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Real Christmas Tree Too Dangerous for South Street Seaport, Manager Says

By Julie Shapiro | December 20, 2011 5:37pm

SOUTH STREET SEAPORT — The South Street Seaport decided to use a fake Christmas tree for the first time in three decades this year after last year's toppling of its real tree sparked serious safety concerns, the Seaport's manager said.

A gust of wind snapped the Seaport's 40-foot Norway spruce in 2010, sending it crashing down onto Fulton Street.

No one was hurt in the incident, but the near-miss convinced the Seaport's management to switch to a fake, but structurally sound, tree this year.

"The first and foremost reason we did this is for public safety," Michael Piazzola, general manager of the South Street Seaport, explained at a meeting of Community Board 1's Seaport/Civic Center Committee Monday night.

Workers struggle in the heavy winds to secure the tree after it fell in the Seaport in December 2010.
Workers struggle in the heavy winds to secure the tree after it fell in the Seaport in December 2010.
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DNAinfo/Ben Fractenberg

"We don't want anyone to get hit … with a flying tree."

Piazzola, who works for Seaport owner Howard Hughes Corp., said he tried to find a safe way of bringing a real tree to the Seaport, and he even spoke to engineers about how to secure it, but experts told him they could not guarantee that any tree would withstand a storm.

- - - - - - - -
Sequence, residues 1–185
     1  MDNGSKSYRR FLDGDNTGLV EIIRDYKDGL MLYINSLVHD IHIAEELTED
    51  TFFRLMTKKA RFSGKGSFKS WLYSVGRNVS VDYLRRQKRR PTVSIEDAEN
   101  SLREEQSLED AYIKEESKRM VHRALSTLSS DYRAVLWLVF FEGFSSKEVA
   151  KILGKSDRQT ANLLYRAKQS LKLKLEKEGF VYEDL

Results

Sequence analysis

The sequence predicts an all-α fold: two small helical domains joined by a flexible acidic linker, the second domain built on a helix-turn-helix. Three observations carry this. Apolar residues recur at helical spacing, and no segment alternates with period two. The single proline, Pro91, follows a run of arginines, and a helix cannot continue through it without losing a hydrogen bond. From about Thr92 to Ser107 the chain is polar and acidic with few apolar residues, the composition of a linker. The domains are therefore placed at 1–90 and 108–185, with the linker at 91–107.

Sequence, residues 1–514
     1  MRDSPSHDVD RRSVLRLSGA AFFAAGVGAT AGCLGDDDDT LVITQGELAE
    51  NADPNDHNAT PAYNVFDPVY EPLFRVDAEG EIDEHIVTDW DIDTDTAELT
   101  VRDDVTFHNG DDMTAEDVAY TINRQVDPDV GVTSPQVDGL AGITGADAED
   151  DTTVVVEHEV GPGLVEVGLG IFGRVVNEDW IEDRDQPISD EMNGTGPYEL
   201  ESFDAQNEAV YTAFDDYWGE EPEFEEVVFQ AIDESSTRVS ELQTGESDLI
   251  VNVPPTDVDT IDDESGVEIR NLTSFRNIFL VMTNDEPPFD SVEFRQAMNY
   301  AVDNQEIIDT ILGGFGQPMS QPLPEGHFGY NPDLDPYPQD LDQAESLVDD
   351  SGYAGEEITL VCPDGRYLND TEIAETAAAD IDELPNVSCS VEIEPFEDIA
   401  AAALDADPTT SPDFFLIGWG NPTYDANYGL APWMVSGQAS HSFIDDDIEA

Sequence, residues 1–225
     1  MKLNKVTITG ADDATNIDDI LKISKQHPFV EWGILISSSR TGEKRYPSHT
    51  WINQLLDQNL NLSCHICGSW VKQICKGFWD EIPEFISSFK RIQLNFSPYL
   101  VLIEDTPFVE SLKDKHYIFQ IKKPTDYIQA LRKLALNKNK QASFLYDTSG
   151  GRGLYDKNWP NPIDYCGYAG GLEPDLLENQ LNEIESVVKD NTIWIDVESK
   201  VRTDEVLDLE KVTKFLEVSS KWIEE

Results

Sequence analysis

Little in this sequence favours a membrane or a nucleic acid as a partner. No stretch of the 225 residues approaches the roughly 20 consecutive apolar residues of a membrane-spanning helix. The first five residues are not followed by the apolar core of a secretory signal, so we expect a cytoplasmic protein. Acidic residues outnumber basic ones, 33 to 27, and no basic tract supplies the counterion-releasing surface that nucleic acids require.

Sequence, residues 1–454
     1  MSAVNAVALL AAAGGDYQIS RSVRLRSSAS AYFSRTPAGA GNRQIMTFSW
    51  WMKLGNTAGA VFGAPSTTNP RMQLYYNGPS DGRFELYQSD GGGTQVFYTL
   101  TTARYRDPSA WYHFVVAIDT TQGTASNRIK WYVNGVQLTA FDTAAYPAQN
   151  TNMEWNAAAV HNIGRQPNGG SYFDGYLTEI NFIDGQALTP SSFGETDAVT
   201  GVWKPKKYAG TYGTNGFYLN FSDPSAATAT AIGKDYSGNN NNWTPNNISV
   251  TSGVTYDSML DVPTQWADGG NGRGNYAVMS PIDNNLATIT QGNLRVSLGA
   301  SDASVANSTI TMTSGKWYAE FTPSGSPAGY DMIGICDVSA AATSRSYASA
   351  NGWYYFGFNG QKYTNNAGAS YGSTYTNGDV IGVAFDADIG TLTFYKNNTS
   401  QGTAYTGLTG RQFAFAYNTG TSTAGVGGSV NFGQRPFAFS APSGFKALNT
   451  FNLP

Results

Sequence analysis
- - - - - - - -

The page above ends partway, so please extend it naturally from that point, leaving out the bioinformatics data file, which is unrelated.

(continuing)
"They're made by nature," Piazzola said, so each one has a different resistance to wind.

Despite the well-intentioned choice, several residents have raised concerns about the fake tree.

"To be honest with you, it's ugly," said John Fratta, chairman of the Seaport/Civic Center Committee.

The board of directors at the residential complex Southbridge Towers also opposed the tree change and voted to send a letter of complaint to CB1, board chairman Wally Dimson said.

The Rockefeller Center tree stays standing because it is anchored to the surrounding buildings, but that wasn't an option in the Seaport, where the buildings have a variety of owners and many of the facades are landmarked, Piazzola said. 

"The only real way would be to essentially put the tree under glass and put it in a test tube," Piazzola said.

"We all love natural trees. This is a compromise."

Some board members also complained about a kitschy holiday market featuring scarves and cell phone covers that popped up on Fulton Street this year.

Piazzola said the idea behind the market was to increase foot traffic on Fulton Street, partly to draw attention to the South Street Seaport Museum.

Next year, the market will have better tenants, including artists displaying holiday-themed wares, Piazzola said.

During a lengthy discussion of the fake Christmas tree, several people said they liked this year's fake one just fine.

"There are so many more important things," said Una Perkins, a CB1 member.